I guess what I’m saying is that we’re very well positioned technologically to make the transition, but that it’s not really a technological thing, and that most of us have not actually made the transition. I have known very effective remote cultures who had nothing more sophisticated than a conference line and AOL Instant Messenger. I’ve known companies with all the best collaboration tools at their disposal that remain operational basket cases.
I don’t know how we reconcile the predilection of people with a lot of power and authority to simply seek what makes them most comfortable — let’s call them the “back to the office, proles” faction — with the “efficient completion of my laundry at any time of day is an OKR” faction. They’re the two extremes in what passes for a discourse on the matter, and it comes at the expense of the “I just want to get something done this week” faction. That is, most of us.
I am pretty sure Al and I are going to Peru this fall. We’ve got some passport stuff to deal with, but signs are positive. I promised her a trip somewhere if I got my job stuff sorted out ahead of The Pucker Demarcation Line, and I did, so we’re going provided paperwork and the tourist season in Cusco align.
I’m super excited. Al’s super excited. It’s been forever since we traveled.
Some of our excitement is probably owing to Ben’s own trip to Germany and Switzerland right now. He’s taking 10 days to bike across Germany with two of his friends. It sort of feels like a capstone for his first year away from home.
The trip took me by surprise. It came up a few months ago, expressed in a way that seems perfectly clear and normal to a 19-year-old, and terrifyingly vague to the parent of a 19-year-old. But I just did what I have learned to do over the past year, which is say nothing for a brief blackout period, get my thoughts in order, then begin to ask strategic questions in descending priority order. It seems about right that the last trip-related thing we did was teach him how to load 35mm film into a point-n-shoot camera. “Perfect” would have been getting a roll of film through it and developing the pictures before he left, so I had to settle on spending the last of my self-imposed advice budget:
“Okay. So … remember to advance the film before each shot. If it seems stuck and you’ve taken about 24 photos, don’t try to force it.”
“Can I offer one piece of advice?”
“If you see something that’s just … like … you’re totally moved and want to remember it forever?”
“Just use your phone.”
“*snort* Got it.”
Professional fighters say there’s such a thing as being overprepared, so I think we cut it just about right.
Zooming out a little, I think this is my happiest moment as a parent so far. He took us by surprise wanting to move down to Eugene at all, and it’s been a year of predictable “figure it out” stuff, complicated by my layoff just as he was getting ready to move out. It was hard to be patient when I was doing weekly math on our controlled burn, and possibly even nervewracking during the eerily quiet job-seeking months of January and February.
At the same time, whenever we needed to have a conversation about accountability, he was always there for it. At some point I realized “oh, maybe I’m the one holding on to the baton out of a desire to not spook him about my work stuff.” So with a little prefacing that I didn’t want him to feel burdened, I explained why how we spend money mattered in a way that may not have been apparent before.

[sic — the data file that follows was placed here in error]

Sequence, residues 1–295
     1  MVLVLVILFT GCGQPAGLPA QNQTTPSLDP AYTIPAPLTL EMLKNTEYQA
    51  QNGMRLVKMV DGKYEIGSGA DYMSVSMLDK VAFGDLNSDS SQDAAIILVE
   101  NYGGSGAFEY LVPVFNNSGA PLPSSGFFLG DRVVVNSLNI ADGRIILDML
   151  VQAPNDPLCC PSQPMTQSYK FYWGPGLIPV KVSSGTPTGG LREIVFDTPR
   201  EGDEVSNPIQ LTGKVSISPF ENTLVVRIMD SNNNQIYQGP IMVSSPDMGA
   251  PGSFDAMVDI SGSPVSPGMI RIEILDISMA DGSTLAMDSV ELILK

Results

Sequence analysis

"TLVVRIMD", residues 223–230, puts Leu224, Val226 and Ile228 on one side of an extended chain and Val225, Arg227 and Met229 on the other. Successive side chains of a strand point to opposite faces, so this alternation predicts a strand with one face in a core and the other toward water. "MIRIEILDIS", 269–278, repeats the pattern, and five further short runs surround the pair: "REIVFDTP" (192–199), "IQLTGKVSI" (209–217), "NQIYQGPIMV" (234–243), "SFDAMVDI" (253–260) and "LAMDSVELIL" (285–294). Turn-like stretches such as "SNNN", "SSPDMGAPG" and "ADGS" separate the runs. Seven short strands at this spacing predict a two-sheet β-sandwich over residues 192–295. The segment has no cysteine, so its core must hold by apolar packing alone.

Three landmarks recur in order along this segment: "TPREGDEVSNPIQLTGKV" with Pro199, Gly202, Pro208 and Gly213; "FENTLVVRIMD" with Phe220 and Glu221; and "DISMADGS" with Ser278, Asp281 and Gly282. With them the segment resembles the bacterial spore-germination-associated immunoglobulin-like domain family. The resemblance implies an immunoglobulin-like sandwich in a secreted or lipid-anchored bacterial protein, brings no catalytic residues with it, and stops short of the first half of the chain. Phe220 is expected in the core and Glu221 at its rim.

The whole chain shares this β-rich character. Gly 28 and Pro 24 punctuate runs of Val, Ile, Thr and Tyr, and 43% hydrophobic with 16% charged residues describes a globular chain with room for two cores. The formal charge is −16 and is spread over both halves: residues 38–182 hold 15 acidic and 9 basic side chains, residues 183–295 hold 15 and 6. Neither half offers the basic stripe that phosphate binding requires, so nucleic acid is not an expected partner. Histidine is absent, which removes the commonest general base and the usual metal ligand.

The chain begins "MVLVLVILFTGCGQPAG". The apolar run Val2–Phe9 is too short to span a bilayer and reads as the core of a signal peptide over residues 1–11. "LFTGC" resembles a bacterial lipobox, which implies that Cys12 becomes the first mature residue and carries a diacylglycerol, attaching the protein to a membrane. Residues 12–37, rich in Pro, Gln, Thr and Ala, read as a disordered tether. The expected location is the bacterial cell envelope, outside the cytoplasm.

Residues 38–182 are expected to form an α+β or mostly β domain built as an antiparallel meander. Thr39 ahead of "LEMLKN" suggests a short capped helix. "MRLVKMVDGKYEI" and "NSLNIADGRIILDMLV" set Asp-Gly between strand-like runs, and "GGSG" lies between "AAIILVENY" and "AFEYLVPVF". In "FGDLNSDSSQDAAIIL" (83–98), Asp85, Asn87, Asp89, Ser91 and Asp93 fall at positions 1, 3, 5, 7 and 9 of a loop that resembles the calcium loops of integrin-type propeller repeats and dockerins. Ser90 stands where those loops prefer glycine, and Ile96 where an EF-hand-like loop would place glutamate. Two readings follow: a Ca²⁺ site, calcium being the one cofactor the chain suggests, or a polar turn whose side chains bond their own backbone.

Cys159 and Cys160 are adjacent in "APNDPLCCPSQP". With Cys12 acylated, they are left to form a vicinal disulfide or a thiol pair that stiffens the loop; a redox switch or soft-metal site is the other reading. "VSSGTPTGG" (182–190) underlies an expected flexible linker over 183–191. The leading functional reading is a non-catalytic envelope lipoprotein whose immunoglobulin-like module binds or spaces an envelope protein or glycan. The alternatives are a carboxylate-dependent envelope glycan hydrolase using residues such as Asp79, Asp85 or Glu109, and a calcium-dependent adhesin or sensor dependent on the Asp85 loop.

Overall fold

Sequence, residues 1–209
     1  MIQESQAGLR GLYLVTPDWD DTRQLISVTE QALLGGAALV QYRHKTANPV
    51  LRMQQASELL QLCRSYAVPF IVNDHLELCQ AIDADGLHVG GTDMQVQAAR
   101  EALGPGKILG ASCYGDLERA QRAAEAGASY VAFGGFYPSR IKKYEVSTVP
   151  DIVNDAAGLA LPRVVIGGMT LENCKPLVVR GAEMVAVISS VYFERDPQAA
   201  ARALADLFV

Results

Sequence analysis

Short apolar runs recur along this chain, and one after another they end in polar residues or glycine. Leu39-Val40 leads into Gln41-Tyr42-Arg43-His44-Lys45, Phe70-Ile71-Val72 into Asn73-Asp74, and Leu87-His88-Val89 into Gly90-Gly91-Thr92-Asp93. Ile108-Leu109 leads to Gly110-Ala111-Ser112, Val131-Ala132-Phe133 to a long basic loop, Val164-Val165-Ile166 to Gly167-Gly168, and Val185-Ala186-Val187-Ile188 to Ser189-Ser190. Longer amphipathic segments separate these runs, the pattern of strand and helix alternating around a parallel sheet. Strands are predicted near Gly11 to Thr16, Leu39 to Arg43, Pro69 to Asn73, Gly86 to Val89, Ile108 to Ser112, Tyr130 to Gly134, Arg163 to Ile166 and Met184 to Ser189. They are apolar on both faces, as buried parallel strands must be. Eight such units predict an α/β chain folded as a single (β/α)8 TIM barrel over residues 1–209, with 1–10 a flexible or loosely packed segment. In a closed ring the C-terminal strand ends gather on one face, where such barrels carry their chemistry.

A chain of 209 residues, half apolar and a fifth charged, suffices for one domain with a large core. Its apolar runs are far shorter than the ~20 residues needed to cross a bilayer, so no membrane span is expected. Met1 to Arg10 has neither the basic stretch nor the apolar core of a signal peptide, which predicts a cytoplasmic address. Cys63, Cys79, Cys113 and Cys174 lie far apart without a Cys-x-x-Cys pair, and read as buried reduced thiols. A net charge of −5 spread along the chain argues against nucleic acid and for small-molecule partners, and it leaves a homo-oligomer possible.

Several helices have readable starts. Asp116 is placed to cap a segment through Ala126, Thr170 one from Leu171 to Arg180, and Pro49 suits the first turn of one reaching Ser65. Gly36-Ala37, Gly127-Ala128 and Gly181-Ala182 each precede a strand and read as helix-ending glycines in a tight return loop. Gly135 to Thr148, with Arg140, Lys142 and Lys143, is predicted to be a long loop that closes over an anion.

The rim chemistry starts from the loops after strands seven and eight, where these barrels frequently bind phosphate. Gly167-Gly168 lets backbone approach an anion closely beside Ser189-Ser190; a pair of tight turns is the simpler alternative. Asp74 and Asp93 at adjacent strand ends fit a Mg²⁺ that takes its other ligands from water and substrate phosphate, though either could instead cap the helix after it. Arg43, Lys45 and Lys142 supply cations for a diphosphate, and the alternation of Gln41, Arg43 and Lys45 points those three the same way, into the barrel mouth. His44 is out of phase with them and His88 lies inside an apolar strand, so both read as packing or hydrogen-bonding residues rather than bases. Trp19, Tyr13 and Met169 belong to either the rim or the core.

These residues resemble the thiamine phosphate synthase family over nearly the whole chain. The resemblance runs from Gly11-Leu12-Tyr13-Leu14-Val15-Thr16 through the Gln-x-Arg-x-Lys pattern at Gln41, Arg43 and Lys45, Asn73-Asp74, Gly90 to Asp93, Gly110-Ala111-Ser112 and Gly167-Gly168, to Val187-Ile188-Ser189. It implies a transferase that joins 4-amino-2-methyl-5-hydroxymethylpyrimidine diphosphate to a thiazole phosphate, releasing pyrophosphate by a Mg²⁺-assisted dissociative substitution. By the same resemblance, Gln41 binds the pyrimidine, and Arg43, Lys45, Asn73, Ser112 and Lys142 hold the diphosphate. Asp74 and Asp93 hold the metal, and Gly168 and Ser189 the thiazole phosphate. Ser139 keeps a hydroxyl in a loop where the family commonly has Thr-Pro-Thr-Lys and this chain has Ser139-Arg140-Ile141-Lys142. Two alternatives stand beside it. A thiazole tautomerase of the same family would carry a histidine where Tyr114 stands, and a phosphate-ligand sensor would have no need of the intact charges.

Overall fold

So this trip … He told us he was doing it, I asked a few strategic questions, and he made it clear he hadn’t taken our support for granted and meant to plan and pay for it himself. I committed to a certain amount of fallback support, which he accepted in principle. A few times I’d sense that he felt a little restless about the questions, so I stopped asking, and that seemed to create the space to let him come with his own questions. In my parental experience, “I hadn’t thought of it that way,” or “oh, okay” are the silver medals of interactions. Being asked for your advice or experience is the gold.
It feels good to feel so clear about what I make of it all.
It is super weird to have my kid wandering around Europe with a couple of other kids. One of them has been studying there this year, so there’s a little bit of street smarts in the group, but still … weird. I can tell from the texts and videos he sends that he’s happy, so I think he is doing the right thing and living his life the way he should be. That’s what you raise them to do.
The NYT’s attempt to summarize the whole reddit thing manages to cover the basic facts, embarrass the reporter, and frame the whole kerfuffle in such a way that … oh screw it.
We often make the mistake of trying to frame things like the NYT’s myopically CEO-friendly coverage as a “balance” issue. That’s like saying a fish has an unbalanced perspective about air because you’re struggling to explain water to it. It’s not about “balance” or “perspective,” it’s about values. People with values of a certain kind — the kind you can find at a place like the NYT — naturally see this entire thing as a question of a business “maturing.”
In this case, I’m kind of in favor of NYT’s bland, pro-business reporting, because we should be despairing over the ways in which the web was just sort of handed over to these platforms. It should irritate us. The manifest irreconcilability of needs found in this conflict — between those of people building and nurturing online communities and those collecting the rent — is clear. I’m kind of an accelerationist in this regard, similar to how I was about Twitter before I decided to quit caring about it. I don’t have any program or platform to go with my accelerationism. I just know that reddit, Facebook, Twitter, and the rest are run by people who don’t care about what I care about when it comes to technology, connection, people, etc. So the sooner they play out this “end of free money, gotta grow up and squeeeeeze” string, the better.